Finally there are the security and privacy issues. If you are a cloud service provider maintaining identity information for your customers or an enterprise storing identity data for your corporate employees and partner organizations, then you have the moral and legal responsibility to maintain that data securely. But at the same time you want to give your users maximum flexibility in defining who can access that information and under what circumstances. It goes without saying that passwords should be hashed and encrypted before being stored on disk, but so should other personal information like social security numbers, credit card and bank details. In addition, the identity software you use has to be bullet-proof to prevent hackers from compromising your system, your users’ personal information, and potentially external systems as well.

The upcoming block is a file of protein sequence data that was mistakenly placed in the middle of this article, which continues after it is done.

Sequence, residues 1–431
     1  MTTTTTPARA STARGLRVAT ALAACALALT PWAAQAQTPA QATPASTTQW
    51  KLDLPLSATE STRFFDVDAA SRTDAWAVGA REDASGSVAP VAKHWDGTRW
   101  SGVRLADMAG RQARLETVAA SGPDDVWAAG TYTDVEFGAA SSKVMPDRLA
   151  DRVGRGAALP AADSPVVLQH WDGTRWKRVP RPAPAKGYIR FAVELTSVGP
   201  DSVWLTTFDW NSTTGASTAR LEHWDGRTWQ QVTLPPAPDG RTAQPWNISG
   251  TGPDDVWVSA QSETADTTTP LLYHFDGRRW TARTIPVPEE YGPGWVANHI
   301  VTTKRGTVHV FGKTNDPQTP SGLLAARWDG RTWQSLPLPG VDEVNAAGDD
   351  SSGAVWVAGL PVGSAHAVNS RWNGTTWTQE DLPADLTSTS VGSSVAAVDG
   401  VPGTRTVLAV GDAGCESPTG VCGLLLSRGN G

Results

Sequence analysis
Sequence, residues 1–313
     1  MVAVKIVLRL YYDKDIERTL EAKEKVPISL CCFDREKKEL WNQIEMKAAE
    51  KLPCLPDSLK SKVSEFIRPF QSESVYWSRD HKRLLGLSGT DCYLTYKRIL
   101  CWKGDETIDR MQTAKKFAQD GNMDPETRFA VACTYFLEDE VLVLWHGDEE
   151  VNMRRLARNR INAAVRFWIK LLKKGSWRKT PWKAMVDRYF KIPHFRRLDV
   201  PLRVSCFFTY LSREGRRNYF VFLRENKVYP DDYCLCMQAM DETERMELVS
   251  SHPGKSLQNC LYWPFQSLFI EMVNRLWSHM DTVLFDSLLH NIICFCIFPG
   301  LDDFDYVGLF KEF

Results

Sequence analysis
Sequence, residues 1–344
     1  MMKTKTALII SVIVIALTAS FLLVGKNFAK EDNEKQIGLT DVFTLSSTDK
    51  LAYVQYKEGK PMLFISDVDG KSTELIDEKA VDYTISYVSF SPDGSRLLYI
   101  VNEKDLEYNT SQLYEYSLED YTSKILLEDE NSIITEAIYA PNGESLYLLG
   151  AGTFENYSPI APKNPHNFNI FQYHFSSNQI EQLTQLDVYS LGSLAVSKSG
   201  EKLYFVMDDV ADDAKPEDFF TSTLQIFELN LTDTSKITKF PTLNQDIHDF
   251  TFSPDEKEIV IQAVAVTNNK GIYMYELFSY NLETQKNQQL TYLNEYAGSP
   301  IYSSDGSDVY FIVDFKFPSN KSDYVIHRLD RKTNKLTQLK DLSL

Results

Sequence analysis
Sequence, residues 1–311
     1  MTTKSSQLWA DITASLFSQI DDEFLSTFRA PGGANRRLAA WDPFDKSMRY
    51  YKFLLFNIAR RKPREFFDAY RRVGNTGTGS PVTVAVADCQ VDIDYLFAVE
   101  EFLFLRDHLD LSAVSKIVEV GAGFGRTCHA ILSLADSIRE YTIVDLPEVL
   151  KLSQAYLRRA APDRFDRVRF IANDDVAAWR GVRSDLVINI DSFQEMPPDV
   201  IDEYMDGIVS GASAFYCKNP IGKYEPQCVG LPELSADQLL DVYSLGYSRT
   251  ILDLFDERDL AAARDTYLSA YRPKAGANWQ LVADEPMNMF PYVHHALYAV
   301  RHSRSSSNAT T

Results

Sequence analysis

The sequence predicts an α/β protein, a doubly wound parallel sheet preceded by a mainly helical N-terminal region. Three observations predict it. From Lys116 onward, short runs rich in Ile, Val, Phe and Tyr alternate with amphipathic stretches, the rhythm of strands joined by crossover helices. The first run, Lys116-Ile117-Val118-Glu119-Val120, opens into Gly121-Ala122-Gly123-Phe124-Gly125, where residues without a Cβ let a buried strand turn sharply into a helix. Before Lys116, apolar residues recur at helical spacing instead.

Even though cloud identity systems have to provide the same basic functions (identity, authentication, authorization, and audit) as their on-premises counterparts, cloud identity really is quite different.